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Boston University Plans to Request Permission to Conduct Lower Level Research in NEIDL: BSL-4 Risk Assessment Process to Continue
Boston University Medical Campus
For Immediate Release: August 12, 2011
Contact: Ellen Berlin email@example.com, 617-520-7115
Boston — Boston University will be asking the state Executive Office of Energy and Environmental Affairs (EOEEA) for permission to conduct lower-level biosafety research in its National Emerging Infectious Diseases Laboratories (NEIDL).
Construction on the $200 million facility, located on the BU Medical Campus in the South End was completed in September 2008, but controversy and litigation surrounding the proposed study of Biosafety Level 4 (BSL-4) agents has kept the building’s 192,000 square feet of laboratory space closed. The National Institutes of Health (NIH) is currently overseeing a supplemental risk assessment study in response to concerns raised by the courts and community.
The request, if granted, would allow Boston University to use the part of the building that is designed to accommodate lower levels of research similar to work being done elsewhere on its campus and throughout Boston and the state.
Specifically, the University will be requesting a Phase One Waiver which would enable it to begin BSL-2 research later this year. It would also enable the University to apply for the appropriate permits to do BSL-3 research, but the University will not undertake any BSL-3 research activities in the NEIDL until the NIH supplemental risk assessment is completed and considered.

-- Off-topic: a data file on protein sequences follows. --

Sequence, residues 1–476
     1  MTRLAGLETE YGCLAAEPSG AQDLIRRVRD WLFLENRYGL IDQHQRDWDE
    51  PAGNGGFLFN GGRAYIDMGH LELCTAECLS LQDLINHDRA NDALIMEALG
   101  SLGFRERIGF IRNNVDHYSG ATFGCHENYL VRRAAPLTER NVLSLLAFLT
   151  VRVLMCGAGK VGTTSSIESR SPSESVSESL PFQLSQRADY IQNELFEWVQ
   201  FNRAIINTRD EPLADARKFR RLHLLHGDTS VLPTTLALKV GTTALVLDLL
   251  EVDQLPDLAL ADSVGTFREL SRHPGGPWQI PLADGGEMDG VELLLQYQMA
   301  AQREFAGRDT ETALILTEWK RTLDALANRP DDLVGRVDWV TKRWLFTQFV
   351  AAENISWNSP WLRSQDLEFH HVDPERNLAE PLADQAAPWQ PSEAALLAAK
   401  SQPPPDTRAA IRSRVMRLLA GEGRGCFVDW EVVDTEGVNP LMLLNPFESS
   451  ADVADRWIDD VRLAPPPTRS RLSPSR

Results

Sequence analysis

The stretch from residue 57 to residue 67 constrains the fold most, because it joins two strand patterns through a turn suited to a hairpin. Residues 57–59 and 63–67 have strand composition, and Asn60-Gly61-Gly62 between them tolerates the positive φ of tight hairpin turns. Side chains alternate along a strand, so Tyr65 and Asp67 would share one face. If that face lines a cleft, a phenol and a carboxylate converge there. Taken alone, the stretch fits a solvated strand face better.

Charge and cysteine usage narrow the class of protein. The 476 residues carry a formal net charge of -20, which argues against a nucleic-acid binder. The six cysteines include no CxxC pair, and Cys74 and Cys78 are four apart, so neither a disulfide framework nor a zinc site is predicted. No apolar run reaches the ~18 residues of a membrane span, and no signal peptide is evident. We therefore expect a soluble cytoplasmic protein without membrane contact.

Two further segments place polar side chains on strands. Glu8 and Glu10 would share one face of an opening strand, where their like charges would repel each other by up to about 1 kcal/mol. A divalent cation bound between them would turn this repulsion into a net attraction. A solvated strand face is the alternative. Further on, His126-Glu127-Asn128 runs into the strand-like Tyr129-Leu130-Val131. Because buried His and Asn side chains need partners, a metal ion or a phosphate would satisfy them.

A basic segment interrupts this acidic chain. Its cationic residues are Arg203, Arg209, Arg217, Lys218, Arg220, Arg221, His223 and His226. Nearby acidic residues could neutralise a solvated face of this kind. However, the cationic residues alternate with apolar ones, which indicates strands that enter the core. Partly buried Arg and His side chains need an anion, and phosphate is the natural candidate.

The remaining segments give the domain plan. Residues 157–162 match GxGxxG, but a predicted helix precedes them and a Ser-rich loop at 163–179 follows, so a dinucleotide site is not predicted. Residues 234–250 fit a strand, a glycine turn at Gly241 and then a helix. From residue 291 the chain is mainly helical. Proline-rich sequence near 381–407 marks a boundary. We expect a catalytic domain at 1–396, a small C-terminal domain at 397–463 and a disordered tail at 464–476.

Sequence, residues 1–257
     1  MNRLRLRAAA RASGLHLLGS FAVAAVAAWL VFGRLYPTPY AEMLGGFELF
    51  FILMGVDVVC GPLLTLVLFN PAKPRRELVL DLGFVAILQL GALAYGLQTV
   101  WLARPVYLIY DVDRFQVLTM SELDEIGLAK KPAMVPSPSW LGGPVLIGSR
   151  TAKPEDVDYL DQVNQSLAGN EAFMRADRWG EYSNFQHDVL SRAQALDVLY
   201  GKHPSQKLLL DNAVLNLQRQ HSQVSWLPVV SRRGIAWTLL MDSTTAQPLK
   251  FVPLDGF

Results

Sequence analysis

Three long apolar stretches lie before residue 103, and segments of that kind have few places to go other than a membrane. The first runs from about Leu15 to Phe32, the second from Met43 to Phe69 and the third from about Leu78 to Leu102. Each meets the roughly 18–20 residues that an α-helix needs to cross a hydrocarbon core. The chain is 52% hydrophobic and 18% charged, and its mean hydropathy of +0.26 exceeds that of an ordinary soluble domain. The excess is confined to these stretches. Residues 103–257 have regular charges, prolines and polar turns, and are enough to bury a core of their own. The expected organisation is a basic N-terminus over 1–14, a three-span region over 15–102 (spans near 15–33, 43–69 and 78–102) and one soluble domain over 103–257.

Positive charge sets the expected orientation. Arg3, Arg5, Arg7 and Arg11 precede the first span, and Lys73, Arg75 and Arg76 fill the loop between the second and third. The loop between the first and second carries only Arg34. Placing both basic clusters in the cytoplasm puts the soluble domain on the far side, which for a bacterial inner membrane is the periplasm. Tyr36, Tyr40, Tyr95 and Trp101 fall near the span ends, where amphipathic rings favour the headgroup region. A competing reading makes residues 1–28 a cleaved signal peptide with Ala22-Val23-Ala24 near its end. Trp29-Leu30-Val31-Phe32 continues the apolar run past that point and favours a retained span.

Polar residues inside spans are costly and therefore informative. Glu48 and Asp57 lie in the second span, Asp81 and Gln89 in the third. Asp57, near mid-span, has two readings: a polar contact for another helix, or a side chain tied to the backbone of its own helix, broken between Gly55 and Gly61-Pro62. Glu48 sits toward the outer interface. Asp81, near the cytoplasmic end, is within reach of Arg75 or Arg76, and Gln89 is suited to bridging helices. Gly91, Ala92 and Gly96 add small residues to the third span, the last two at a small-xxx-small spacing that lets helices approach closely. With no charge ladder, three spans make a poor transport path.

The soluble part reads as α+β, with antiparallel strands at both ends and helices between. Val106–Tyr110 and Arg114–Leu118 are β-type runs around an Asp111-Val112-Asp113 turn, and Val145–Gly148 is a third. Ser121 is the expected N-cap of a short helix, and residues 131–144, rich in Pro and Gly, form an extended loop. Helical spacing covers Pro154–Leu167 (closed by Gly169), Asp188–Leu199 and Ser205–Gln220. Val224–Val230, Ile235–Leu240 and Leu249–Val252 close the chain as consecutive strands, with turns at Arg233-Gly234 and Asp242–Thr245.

Biosafety levels are assigned based on primary risk criteria including infectivity, severity of disease and the nature of the work being conducted. Each level of containment describes appropriate laboratory practices, safety equipment and policies for conducting research with a particular agent. The policies are in place to protect researchers, non- laboratory occupants of the building, the public health and environment.
University officials stress that this request is limited to lower safety- level research and would not permit researchers to conduct BSL-4 work. BSL-4 work could not take place until and unless the regulators and courts review the supplemental environmental risk assessment and determine it is permissible for BU to conduct that highest biosafety level research in the building.
University officials added, “We strongly support the supplemental environmental risk assessment process. We want it to be thorough, complete, and determinative of the legitimate questions raised about the future of BSL-4 research in urban medical centers like ours. At the same time, only 16% of the space in the NEIDL is designed for BSL-4 laboratories. It makes sense to put the lower safety level laboratories to use now instead of leaving them empty.”
In 2003, Boston University was awarded a grant from the National Institute of Allergy and Infectious Diseases to build one of two National Biocontainment Laboratories. Construction began in 2006. Located on the Boston University Medical Campus on Albany Street in Boston’s South End., the NEIDL cost $200 million to construct and is a 192,000 square feet, 7-story building that includes BSL-2, BSL-3, and BSL-4 capacities.
Founded in 1839, Boston University is an internationally recognized private research university with more than 30,000 students participating in undergraduate, graduate, and professional programs. BU consists of 17 colleges and schools along with a number of multi-disciplinary centers and institutes which are central to the school’s research and teaching mission.